Right-wing commentators routinely insist that Canada is a nation in decline, that we no longer command respect on the international stage. Beefing up our military spending is their usual solution.

In fact, what makes nations respected internationally is their contribution to international justice and the rule of law, not the size of their arsenals.

If arsenal size were what counted, the U.S., with its ever-growing military, would be gaining ever more respect worldwide (instead of the opposite), and Turkey (which spends a particularly large percentage of its GDP on its military) would be in hot demand in world capitals for its wise counsel.

Last week’s Palestinian election has presented just the sort of potentially explosive situation where tanks offer no help, but where effective diplomacy could make a difference.

In a column in The Globe and Mail, Palestinian-born journalist Rami Khouri argued for the world to avoid hysteria and calmly craft a process for recognizing and achieving legitimate Israeli and Palestinian rights. He identified three nations capable of playing a pivotal mediating role: Sweden, Norway and Canada.

In fact, Canada has been inching away from its traditional, respected role as an “honest broker” in the Middle East — a role established in the 1950s when former Prime Minister Lester Pearson won the Nobel Peace Prize for helping to defuse the Suez Crisis.

Paul Martin’s Liberal government quietly shifted Canadian policies at the UN, voting with the U.S. and only a few other nations against resolutions supporting Palestinian rights.

The election last week of Stephen Harper’s Conservatives promises to push Canada further down this path, allowing Israel to continue to insist it wants peace even as it builds more settlements on Palestinian land in the West Bank. This Israeli behaviour has fed deep Palestinian resentment, which contributed to last week’s victory of Hamas — a group that has used terrorism as part of its armed struggle against Israeli occupation.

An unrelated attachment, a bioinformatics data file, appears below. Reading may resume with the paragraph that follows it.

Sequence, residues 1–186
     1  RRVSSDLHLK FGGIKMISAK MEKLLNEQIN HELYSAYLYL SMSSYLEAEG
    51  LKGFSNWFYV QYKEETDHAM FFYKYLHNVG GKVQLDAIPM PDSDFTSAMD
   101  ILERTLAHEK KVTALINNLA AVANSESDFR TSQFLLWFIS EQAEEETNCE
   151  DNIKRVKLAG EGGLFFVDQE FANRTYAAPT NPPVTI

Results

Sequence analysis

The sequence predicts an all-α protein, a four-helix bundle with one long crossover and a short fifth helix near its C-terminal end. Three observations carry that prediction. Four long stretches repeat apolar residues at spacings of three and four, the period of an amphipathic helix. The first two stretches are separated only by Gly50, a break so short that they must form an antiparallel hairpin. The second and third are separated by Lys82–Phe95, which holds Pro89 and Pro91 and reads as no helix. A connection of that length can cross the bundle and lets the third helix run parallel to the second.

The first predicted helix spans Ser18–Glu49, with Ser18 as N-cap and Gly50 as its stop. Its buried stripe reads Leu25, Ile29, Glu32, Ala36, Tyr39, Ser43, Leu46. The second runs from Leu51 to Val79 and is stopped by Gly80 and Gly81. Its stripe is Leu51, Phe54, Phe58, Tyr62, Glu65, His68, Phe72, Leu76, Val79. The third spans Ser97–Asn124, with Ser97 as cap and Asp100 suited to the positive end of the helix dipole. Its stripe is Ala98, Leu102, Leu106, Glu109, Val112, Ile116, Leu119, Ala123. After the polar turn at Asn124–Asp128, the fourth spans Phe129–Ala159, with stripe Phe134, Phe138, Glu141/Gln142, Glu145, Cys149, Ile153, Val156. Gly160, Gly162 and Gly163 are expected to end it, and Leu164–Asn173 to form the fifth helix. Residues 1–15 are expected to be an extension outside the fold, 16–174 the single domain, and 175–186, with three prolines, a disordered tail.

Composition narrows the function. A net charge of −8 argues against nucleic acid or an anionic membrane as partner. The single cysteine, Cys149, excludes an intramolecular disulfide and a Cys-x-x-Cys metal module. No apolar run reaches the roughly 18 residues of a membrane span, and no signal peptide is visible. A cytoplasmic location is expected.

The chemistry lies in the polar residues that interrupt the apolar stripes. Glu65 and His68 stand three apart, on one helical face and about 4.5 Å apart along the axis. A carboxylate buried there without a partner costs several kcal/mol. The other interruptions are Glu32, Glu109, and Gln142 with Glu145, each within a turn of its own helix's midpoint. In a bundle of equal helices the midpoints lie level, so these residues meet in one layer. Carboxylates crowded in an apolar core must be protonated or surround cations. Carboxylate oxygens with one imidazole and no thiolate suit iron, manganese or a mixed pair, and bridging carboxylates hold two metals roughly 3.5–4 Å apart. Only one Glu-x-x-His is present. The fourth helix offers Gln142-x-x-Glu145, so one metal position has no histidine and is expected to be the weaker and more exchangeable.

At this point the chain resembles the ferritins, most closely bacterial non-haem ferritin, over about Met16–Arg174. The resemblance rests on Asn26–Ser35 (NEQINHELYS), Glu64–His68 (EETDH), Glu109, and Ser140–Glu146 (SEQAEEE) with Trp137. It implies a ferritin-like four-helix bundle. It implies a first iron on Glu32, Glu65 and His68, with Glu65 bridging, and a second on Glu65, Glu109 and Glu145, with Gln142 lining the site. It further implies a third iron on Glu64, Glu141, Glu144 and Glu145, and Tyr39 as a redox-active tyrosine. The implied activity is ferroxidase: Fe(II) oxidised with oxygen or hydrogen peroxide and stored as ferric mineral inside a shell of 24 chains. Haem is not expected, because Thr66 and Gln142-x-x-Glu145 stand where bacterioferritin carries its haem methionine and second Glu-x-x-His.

Harper hinted last week that Canada won’t recognize a Hamas government. Such outright rejection may feel good, but achieves nothing.

It should be remembered that former Israeli Prime Minister Menachem Begin was once on Britain’s wanted list for terrorist acts he committed in the fight to establish Israel.

The important thing is to move forward, to see if Hamas can change in its new governing role. In its election platform, it dropped its longstanding call for the destruction of Israel. In recent years, Hamas leaders have said they could live with Israel, if Israel ended its occupation and recognized the right of Palestinians to a state.

How Harper deals with the Middle East will just be one measure of his foreign policy, but an important one.

The Hamas victory — the result of a democratic election — calls out for the kind of smart, even-handed diplomacy that Canada has sometimes excelled at, and that wins more respect in the world than the most bloated fleet of tanks.

Linda McQuaig

Journalist and best-selling author Linda McQuaig has developed a reputation for challenging the establishment. As a reporter for The Globe and Mail, she won a National Newspaper Award in 1989...